Page:Popular Science Monthly Volume 53.djvu/146

This page has been proofread, but needs to be validated.

Exposition. A short article is given on mental fatigue in school. The Bertillon system as a means of suppressing the business of living by crime is explained in a chapter entitled Current Discussions. Several of the papers relate to æsthetic cultivation in connection with manual training and to decorative art; another chapter is given to art decorations in schoolrooms; and another treats as "current questions" of teachers' mutual benevolent associations and pension laws, coeducation, compulsory school attendance, transportation of children to school, and temperance instruction; and there are statistical chapters on agricultural and industrial education in the United States and other countries, education in Alaska, city school systems, commercial and business schools, professional schools, education of the colored race, schools for the defective classes, reform schools, and other schools.

The sixteenth annual Report of the Bureau of American Ethnology, besides Mr. Powell's administrative report giving details of the work of the bureau month by month, and by departments, contains papers on Primitive Trepanning in Peru, by M. A. Muñiz and W J McGee; Cliff Ruins of Canyon de Chelly, Arizona, by Cosmos Mendeleff; Day Symbols of the Maya Year, by Cyrus Thomas; and Tusayan Snake Ceremonies, by J. Walter Fewkes. We have also Dr. Thomas's Day Symbols of the Maya Year in a separate publication.

We have the first number, October, 1897, of the American Quarterly Economist, published at 15 East Eleventh Street, New York, a magazine devoted to the interests of economical science. It advances a formula for the conception of the point of equilibrium of the wages of labor which it proposes to demonstrate. This initial number has articles on A New Theory of Value and Price; Labor, its Price; and how affected by the Use of Machinery; Machinery; and Success of Nations. Pp. 31. $1 a year.

Uncle Roberts Visit is the third book in the series Uncle Robert's Geography of Appletons' Home Reading Books. This series is edited by Colonel Francis W. Parker, one of the most eminent and successful teachers in the country. He believes in putting life into the schools, and has done it wherever he has been, and designs the geography series to help teachers put life into their teaching in the primary classes. Uncle Robert comes to the farm and talks to the children, assisting them at the same time to observe and experiment, about the map of the farm, the thermometer, the animals, flowers, sunlight and shadow, barometer, woods, birds, thundershower, railroad, the rainy day, etc., and the things which these suggest and illustrate, always having the geographical bearing well in view. So far as is possible each child is left to discover facts for himself and make original inferences—an example which the teacher may follow to a reasonable extent, taking care that the child's desire for knowledge is in the end satisfied. The name of Nellie Lathrop Helm is associated with that of Dr. Parker in the authorship of the book. New York: D. Appleton & Co.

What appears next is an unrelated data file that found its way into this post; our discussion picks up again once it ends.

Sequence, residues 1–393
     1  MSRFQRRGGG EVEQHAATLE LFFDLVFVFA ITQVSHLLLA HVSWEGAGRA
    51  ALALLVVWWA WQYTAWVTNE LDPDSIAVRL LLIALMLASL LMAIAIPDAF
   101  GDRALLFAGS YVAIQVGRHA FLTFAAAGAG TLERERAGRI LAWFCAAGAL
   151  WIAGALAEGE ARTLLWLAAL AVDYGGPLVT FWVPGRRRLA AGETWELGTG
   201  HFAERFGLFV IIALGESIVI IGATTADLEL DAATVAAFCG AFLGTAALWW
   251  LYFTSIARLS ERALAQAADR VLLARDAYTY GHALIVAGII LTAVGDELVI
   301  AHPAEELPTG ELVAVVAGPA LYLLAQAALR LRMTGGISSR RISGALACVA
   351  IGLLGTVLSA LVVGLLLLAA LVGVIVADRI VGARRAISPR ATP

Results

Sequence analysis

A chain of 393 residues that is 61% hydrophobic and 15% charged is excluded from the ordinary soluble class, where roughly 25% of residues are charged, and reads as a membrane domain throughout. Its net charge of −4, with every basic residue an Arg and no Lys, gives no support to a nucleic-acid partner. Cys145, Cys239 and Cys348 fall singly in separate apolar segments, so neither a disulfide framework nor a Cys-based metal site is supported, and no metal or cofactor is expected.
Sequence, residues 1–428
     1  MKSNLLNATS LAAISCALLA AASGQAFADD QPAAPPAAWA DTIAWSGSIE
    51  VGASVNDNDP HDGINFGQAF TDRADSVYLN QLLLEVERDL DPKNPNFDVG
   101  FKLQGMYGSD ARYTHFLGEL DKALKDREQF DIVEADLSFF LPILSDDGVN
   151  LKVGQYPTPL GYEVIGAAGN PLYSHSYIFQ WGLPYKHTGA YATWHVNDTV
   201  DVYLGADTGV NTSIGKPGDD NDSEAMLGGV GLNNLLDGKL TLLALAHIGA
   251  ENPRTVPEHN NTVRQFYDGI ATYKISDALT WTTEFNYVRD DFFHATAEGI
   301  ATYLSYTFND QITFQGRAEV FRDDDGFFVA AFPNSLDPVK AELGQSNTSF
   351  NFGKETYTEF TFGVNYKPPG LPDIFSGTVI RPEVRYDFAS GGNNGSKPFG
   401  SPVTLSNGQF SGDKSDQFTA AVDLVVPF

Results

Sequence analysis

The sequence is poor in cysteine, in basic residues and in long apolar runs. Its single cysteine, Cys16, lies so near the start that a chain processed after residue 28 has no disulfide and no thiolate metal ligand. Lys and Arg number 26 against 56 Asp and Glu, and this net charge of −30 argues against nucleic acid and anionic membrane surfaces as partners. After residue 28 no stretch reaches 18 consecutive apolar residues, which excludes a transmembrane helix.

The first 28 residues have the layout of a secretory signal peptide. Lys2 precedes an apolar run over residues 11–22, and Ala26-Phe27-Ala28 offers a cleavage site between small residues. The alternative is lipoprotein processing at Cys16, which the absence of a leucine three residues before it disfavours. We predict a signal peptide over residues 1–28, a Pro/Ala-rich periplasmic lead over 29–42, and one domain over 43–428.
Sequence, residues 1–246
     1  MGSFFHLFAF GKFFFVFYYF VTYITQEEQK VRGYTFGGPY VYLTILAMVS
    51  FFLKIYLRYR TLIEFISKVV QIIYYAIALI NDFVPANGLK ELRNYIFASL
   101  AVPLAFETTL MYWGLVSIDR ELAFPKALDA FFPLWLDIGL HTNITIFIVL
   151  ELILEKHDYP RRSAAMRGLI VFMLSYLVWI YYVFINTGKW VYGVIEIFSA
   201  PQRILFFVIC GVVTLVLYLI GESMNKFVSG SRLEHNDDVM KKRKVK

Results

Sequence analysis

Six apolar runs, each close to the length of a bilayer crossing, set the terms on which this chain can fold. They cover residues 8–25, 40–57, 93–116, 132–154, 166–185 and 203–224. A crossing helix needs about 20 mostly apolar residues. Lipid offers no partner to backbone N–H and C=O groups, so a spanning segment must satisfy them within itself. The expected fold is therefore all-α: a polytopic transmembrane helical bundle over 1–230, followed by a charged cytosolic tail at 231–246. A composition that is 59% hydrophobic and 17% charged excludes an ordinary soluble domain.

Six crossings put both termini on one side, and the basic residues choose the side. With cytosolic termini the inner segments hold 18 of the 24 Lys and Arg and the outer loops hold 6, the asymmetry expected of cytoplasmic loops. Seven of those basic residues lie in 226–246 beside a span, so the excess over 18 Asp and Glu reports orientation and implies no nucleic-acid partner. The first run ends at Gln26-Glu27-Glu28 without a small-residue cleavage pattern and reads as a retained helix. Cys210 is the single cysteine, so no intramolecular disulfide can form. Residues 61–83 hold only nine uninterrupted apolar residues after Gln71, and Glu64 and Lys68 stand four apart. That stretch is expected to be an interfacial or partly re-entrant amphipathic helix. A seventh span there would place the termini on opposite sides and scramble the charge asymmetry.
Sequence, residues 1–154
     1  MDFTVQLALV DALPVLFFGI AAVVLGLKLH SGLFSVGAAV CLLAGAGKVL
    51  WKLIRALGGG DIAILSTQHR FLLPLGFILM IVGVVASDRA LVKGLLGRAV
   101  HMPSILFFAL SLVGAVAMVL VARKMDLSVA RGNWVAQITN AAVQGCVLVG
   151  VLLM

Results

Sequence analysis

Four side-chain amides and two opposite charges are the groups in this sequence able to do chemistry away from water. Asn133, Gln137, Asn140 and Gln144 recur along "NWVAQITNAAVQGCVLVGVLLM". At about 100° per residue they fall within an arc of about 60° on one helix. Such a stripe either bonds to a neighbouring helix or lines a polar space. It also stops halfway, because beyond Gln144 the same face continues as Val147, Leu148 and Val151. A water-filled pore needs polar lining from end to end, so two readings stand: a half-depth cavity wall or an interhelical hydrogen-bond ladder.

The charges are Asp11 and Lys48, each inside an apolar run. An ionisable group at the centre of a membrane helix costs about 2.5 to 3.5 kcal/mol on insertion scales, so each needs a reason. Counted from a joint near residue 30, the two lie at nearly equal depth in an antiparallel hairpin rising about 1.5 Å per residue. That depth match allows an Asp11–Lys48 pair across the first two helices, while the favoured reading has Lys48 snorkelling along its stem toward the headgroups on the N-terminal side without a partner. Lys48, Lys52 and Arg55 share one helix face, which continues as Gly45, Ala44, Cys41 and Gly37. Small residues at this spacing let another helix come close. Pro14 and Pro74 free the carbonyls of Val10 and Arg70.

We have from the Macmillan Company the first four volumes of a series of six Science Readers for the schoolroom or the house, by Vincent T. Murché, revised and adapted by Mrs. L. L. Wilson (price, 25 and 40 cents each). They are intended to be used as reading books or text-books or as the bases of object lessons in the secondary and grammar grades, and the teacher is expected to illustrate them by object exhibitions and experiments before giving them to the children. The lessons are consecutive in groups of which the members depend severally upon the preceding one, and concern tl;e properties of bodies; the nature, growth, and structure of plants; the common types of animals; minerals and metals; the phenomena of the weather; and, generally, the conditions around us.

The Open Court Company, Chicago, publish a second edition of the Popular Scientific Lectures of Dr. Ernst Mach, revised and enlarged. The additions consist of the author's Vienna inaugural lecture on The Part played by Accident in Invention and Discovery, a lecture on the Sensations of Orientation, and two historical articles on Acoustics and Sight. The lectures are of the highest order, as to both matter and manner, thoroughly scientific and adapted to popular understanding. One of the purposes which the author seeks to carry out in